Braised Chicken in Ginger, Tau Cheong and Rice Wine...and some tips for cooking Chinese chicken dishesTuesday, March 19, 2013
This blog is suppose to inspire home cooks. Recently, I was reflecting on this and realized that there may well be home cooks who may be discouraged by how well others are cooking or by complicated recipes.
So, is cooking a natural talent or something which can be learnt? As with everything else, it will always be a bit of both. Unless you are really hopeless at this, every cook can improve, may it be their techniques or recipes.
And the path to better cooking is littered with mistakes. I have many of those. I made Loh Mai Kai and Roast Pork Buns for a huge Carnival recently and I thought they did not turn out well at all. Mass cooking has its challenges. Even my late Mum had her bad days. The only difference between me now and her before, is because of her vast experience, her "bad days" did not appear very often. Part of a skill of an experienced cook lies in being organized in such a way that mistakes or "non-undos" are minimized.
There is no short-cut to improving as a cook. You just need to cook more and think about why the dishes turned out well... or otherwise. For example, the recent lot of Loh Mai Kai was not steamed sufficiently in the final phase and the rice was not properly flavored. And the Pork Belly Buns failed in one simple principle - the principle of proportion. The buns were way too large cf to the pieces of roast pork. A while back, I made some cereal prawns. Disastrous was the most apt way of describing the dish. I did not coat the prawns properly with flour before the deep-fry. The prawns had nothing for the cereal flakes to cling to.
In this post, I will share with you a very simple recipe of a staple dish. Along the way, there will be some helpful tips you can pick up on cooking chicken dishes well.
Braised Chicken in Tau Cheong, Ginger and Rice Wine Sauce
1 Chicken, cut into small pieces
2T of Tau Cheong (Soy Bean paste)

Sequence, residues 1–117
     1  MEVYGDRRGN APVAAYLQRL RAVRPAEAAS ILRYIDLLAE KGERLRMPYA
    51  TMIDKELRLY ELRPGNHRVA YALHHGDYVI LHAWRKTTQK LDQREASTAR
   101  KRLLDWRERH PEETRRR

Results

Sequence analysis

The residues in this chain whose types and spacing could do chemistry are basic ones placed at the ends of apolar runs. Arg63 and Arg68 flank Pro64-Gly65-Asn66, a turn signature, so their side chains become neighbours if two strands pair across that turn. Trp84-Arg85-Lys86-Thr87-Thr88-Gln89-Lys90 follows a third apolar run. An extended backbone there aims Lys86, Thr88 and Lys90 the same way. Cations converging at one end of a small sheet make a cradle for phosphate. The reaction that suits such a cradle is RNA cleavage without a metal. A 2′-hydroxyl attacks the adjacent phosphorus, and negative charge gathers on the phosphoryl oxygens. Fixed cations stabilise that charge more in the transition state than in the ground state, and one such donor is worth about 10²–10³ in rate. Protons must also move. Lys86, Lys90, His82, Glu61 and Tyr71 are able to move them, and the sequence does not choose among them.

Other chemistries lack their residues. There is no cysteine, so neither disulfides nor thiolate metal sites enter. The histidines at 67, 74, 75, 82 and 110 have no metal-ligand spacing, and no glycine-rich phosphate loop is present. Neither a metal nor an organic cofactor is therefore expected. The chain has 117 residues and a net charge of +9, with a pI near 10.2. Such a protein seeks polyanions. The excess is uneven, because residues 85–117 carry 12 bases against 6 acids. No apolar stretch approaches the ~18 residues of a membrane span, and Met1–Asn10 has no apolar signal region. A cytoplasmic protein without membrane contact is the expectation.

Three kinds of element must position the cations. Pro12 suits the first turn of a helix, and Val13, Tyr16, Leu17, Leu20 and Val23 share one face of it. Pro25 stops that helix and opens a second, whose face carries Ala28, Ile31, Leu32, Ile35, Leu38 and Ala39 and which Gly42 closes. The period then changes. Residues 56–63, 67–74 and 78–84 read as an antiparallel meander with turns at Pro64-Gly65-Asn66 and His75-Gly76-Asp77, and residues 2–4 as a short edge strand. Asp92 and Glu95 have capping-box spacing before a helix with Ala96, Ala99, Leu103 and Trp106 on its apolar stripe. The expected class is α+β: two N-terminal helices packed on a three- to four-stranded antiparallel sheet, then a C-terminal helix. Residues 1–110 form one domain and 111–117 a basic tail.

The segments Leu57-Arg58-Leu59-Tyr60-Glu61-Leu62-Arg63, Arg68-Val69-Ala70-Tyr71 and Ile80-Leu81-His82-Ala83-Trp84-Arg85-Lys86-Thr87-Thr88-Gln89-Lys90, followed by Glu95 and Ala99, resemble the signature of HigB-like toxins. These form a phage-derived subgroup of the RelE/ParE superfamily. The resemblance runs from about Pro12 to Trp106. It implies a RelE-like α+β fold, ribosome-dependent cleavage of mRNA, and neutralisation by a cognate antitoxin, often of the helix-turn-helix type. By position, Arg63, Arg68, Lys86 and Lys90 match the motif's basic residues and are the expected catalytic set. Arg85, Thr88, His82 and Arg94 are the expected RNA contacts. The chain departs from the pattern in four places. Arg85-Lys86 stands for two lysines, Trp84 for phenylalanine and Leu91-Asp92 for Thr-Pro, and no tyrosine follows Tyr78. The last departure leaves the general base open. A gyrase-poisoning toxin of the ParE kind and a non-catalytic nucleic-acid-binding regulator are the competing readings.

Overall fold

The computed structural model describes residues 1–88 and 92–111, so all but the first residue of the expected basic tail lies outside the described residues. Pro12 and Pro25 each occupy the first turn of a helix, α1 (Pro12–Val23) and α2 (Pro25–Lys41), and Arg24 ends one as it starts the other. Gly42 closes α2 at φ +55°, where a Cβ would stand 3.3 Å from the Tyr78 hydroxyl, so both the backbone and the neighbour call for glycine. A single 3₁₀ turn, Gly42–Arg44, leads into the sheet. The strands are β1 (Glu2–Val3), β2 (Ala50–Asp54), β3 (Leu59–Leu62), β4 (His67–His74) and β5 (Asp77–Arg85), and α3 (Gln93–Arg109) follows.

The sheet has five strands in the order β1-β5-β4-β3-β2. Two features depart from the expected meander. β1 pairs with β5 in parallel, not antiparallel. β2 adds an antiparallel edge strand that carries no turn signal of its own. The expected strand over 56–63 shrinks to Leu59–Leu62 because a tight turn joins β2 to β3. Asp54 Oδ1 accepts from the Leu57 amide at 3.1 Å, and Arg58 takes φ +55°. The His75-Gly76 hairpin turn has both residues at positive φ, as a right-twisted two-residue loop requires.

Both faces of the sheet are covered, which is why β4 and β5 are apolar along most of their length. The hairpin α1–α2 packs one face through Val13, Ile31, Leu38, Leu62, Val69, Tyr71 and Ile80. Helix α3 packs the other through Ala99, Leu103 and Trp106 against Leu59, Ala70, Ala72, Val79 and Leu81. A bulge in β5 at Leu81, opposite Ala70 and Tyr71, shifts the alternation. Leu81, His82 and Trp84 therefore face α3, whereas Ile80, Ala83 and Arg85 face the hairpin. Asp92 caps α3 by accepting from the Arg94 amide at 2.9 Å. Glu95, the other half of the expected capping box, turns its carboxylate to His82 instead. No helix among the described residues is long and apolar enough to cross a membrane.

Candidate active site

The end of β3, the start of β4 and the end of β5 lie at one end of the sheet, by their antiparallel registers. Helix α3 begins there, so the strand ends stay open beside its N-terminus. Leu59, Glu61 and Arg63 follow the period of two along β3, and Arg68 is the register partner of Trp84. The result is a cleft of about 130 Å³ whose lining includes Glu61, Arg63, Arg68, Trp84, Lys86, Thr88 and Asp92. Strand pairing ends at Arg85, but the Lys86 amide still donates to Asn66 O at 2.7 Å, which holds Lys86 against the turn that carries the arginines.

2t of garlic
1T of sugar
1t of salt
Sliced ginger - half a bowl
Rice Wine - Half a bowl (You can use other types of cooking wine or brandy)
1T of oil
1T of Sesame oil
A few stalk of Spring Onions - cut into 1-2 inch lengths
1 bowl of water
1T corn flour
- Heat up the oil in a pot, claypot or wok.
- Add the garlic and then the ginger. After a minute, add sugar, salt, tau cheong and soy sauce. Stir for a minute. Add some water (especially if you are using a wok) to ensure that the sauce is not burned.
- Add the chicken and stir.
- Add the wine. Close the pot/wok. Lower fire and simmer for 20 minutes.
- Add a bit of water mixed with corn flour towards the end.
- Add the spring onions and stir.
- If you are serving it for dinner, this dish can be cooked earlier. The flavours will get better. But serve it hot. I don't see the need to marinate the chicken beforehand if you are braising or stewing. I find it funny how some like their chicken to taste like garlic or something else when the chicken itself has great flavours (especially if you are using "free-range" or bare-necked ones, instead of white broilers). You want some infusion of flavours and that's about it. Read up more about the chicken we eat here.
- If you are using a whole chicken, make sure you do not use the backbone parts as they add to the "scum", affecting the taste. The blood from the bones of chopped thighs will add a bitter taste to your dish. You can either go for boneless chicken or if you like to chew on the meat with bones (my preference too), blanch the chicken pieces beforehand to remove the scum. Alternatively, bathe it in (or with) hot oil for a few moments before you braise or stir fry it. Blanching meat is necessary if you want a cleaner tasting meat dish.
- Don't overcook the chicken as it loses meat flavour and becomes too soft. If you cut the chicken pieces very small or use a smaller portion, cut down the cooking time to 10-15 mins. If you want to cook it fast, cut into smaller pieces and in a sauce on high fire, cook it for 10-12 minutes. Add some water mixed corn flour towards the end. Restaurants will do that.
- Chicken wings are good for this. One good thing about chicken wings is that the skin clings well to the meat, which is both "white" and "red." Cut up the wings into 5 parts. Remember to blanch the wings first before you start to cook it.
- You can add other ingredients to vary the taste and texture experience. Wood fungus, shitake mushrooms, carrots etc.